Sydney: The minutes of the RBA board’s July meeting will be released.

Broome: Hearings continue into 13 youth suicides in Aboriginal communities in the Kimberley between November 2012 and March last year.

Canberra: Governor-General Peter Cosgrove will invest former New Zealand prime minister John Key as an honorary Companion in the Order of Australia.


Indigenous voice to parliament: a unifying idea — Mark Leibler (The Australian $): “No doubt there will be people — non-indigenous and indigenous — who will say our recommendation for a representative voice is similarly fraught — impossible to pull off; a back-to-the-future re-prosecution of past failures; and/or unwinnable at a referendum. These positions come from a place of cynicism and mean-spiritedness, and they underestimate the good sense and goodwill of the Australian people.”

Calling in the army no magic bullet to terrorism threat — Dr John Coyne (The Age): “Putting aside the ADF’s inconvenient geographic and logistical reality, counter-terrorism first response remains a legal responsibility of the states and territories. Even with these proposed changes, general duties police officers will continue to be the ones responding to, and resolving, terrorist attacks in Australia.”

Super security ministry idea has been tried and rejected — Greg Sheridan (The Australian $): “A super security ministry would contribute nothing positive and it would diminish the effectiveness of the agencies involved by reducing contestability of ­advice, and reducing effective cabinet minister-level scrutiny.”

Time for the Liberal Party to get over Robert Menzies and focus on today — Shaun Carney (Herald Sun $): “Modern society is getting away from too many of today’s political players.”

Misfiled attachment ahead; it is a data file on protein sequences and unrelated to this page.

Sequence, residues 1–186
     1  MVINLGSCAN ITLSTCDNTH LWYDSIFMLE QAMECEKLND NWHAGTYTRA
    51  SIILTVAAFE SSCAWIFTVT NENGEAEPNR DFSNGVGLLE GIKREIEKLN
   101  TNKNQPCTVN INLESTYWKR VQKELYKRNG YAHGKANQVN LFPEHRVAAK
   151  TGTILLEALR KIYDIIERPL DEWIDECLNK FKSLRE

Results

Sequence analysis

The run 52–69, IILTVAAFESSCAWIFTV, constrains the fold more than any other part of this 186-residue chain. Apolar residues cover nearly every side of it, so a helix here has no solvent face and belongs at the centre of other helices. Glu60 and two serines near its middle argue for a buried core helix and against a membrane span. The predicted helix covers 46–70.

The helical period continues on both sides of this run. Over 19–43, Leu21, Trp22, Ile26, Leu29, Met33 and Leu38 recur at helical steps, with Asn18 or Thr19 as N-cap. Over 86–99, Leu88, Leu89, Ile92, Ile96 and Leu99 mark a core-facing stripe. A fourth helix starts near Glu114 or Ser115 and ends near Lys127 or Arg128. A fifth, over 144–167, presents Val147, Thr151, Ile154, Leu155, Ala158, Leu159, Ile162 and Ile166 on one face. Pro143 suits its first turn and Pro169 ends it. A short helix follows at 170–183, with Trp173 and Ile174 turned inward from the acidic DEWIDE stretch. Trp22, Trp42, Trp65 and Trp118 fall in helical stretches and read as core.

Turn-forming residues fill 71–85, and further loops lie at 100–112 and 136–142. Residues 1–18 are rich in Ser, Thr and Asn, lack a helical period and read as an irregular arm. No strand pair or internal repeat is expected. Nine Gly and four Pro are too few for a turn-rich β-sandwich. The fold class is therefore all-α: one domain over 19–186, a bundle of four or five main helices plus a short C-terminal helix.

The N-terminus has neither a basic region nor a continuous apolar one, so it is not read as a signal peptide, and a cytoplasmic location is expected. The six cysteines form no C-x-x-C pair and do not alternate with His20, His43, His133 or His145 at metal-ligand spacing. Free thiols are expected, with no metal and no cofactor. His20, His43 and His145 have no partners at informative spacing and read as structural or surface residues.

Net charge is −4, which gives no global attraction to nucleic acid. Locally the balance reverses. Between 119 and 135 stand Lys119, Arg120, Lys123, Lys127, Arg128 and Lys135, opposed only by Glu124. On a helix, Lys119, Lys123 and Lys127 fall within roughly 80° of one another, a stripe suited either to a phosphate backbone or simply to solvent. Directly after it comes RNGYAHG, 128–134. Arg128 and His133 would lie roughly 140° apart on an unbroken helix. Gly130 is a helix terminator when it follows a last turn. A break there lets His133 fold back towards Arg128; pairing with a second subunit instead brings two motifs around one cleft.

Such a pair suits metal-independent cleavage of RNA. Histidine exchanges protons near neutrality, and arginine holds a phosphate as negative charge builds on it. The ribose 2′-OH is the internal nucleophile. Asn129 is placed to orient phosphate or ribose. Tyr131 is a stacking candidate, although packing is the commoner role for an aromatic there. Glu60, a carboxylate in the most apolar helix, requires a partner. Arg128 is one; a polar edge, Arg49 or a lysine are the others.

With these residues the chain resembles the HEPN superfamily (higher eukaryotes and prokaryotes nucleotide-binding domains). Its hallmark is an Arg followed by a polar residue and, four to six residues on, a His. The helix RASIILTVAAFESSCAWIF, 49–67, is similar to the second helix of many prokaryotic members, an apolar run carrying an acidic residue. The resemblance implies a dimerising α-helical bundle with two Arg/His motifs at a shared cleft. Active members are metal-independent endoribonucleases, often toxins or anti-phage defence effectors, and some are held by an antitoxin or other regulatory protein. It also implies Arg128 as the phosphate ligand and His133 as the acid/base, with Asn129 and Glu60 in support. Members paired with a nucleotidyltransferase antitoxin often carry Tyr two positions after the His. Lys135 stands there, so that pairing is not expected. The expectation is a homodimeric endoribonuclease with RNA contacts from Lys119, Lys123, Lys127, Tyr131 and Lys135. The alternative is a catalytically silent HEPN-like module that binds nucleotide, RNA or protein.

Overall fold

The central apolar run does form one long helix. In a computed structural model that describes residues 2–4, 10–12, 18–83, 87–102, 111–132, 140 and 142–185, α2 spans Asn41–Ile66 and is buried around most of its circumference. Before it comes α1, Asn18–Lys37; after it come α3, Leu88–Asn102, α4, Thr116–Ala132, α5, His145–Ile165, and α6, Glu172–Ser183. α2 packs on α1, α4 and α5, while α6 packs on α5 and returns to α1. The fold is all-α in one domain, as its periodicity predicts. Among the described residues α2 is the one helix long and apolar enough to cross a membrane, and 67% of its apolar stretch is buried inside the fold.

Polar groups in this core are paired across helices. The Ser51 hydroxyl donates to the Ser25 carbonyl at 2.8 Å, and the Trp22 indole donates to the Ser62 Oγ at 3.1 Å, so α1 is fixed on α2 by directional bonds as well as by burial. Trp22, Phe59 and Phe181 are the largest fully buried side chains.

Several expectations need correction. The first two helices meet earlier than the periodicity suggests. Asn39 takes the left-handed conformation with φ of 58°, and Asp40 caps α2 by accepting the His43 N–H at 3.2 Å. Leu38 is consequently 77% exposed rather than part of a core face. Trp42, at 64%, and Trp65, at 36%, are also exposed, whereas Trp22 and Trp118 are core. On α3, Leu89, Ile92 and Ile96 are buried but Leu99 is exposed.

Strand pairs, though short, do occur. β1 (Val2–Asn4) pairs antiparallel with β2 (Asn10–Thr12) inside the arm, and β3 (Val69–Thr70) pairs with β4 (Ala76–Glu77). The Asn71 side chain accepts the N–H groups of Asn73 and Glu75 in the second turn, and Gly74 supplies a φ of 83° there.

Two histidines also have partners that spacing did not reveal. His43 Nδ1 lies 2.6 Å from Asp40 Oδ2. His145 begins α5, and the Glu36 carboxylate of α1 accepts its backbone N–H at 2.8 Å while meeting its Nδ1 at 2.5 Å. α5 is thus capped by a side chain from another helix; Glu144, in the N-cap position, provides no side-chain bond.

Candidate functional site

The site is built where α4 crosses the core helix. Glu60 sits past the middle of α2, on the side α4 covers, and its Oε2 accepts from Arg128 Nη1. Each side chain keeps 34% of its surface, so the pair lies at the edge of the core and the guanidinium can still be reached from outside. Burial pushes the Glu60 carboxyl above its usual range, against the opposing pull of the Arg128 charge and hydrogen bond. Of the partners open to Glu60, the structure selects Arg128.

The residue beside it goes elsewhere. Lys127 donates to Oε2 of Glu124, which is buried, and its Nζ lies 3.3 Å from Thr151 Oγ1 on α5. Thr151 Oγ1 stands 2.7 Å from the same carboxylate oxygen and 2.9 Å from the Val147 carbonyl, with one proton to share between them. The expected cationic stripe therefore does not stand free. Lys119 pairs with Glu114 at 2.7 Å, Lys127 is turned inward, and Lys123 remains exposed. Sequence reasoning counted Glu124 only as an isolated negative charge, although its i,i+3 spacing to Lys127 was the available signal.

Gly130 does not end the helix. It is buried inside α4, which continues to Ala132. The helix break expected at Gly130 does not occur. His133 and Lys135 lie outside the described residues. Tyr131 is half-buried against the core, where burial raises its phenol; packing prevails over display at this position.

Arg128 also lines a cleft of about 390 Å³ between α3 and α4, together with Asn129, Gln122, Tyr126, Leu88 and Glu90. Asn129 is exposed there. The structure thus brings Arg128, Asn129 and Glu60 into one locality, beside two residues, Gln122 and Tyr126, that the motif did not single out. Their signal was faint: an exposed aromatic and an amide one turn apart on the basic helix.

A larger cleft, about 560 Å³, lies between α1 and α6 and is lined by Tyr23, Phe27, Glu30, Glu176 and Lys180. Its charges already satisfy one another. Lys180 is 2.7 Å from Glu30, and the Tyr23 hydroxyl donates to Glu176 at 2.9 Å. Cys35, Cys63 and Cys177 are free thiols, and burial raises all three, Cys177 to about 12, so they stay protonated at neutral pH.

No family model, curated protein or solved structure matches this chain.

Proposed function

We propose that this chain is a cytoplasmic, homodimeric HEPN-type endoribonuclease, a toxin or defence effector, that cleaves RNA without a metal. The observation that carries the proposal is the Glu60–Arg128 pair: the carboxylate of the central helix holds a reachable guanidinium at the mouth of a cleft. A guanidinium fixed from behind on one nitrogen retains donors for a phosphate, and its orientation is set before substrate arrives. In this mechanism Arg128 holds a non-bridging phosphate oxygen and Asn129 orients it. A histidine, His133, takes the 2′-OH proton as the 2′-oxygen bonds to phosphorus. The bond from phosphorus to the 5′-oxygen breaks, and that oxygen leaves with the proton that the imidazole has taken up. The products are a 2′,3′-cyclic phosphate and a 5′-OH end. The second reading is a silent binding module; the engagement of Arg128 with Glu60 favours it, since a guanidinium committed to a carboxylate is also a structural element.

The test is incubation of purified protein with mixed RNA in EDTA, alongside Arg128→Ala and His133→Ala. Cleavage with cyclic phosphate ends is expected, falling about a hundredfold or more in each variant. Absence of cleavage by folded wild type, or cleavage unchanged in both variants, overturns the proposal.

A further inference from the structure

US security officials believe the United Arab Emirates was behind a hacking incident that deepened the deterioration of Qatar’s relationship with other regional powers. Citing unnamed officials, The Washington Post reports that false statements posted to official news and social media sites attributed to Qatar’s emir Sheikh Tamim Bin Hamad al-Thani were the result of hacking overseen by the UAE. The UAE’s ambassador to Washington has denied the claim. — Washington Post 

The Venezuelan opposition is calling for a national strike after holding a massive mock-referendum. Some 7.6 million opposition supporters cast a vote, with close to 100% registering their opposition to the government’s plan for a new Constitutional Assembly. Nicolas Maduro‘s socialist government has dismissed the vote, saying children, Americans, and even Australians took part. — Reuters

Russia has demanded the US allow representatives to return to two diplomatic compounds seized after Russian officials were expelled from the US in December 2016 over allegations of meddling in the US election. — BBC


Elon Musk: “There will not be a steering wheel” in 20 years (Axios): “Within 10 years nearly all new cars made in the U.S. will be autonomous, and half of those will be fully electric vehicles … within 20 years, he said driving a car will be like having a horse (i.e. rare and totally optional). ‘There will not be a steering wheel.'”

Inside Erdogan’s prisons (New York Times): “There are so many writers, journalists and other professionals in Turkish prisons that 38,000 inmates convicted of fraud, rape, theft, looting and extortion were released before finishing their sentences to make room … Inmates have the right to 10 books a week, but they get a book a month. I heard an inmate being told, “The book is not available, but the author is here if you are interested.'”

The lawyer, the addict (New York Times): “The door was ajar. A few crumpled and bloodied tissues were scattered on the bedsheets. And then I turned the corner and saw him, lying on the floor between the bathroom and the bedroom. His head rested on a flattened cardboard box.”

Inside the pied piper of R&B’s ‘cult’ (BuzzFeed): “Kelly confiscates the women’s cell phones, they said, so they cannot contact their friends and family; he gives them new phones that they are only allowed to use to contact him or others with his permission. Kelly films his sexual activities, McGee and Jones said, and shows the videos to men in his circle.”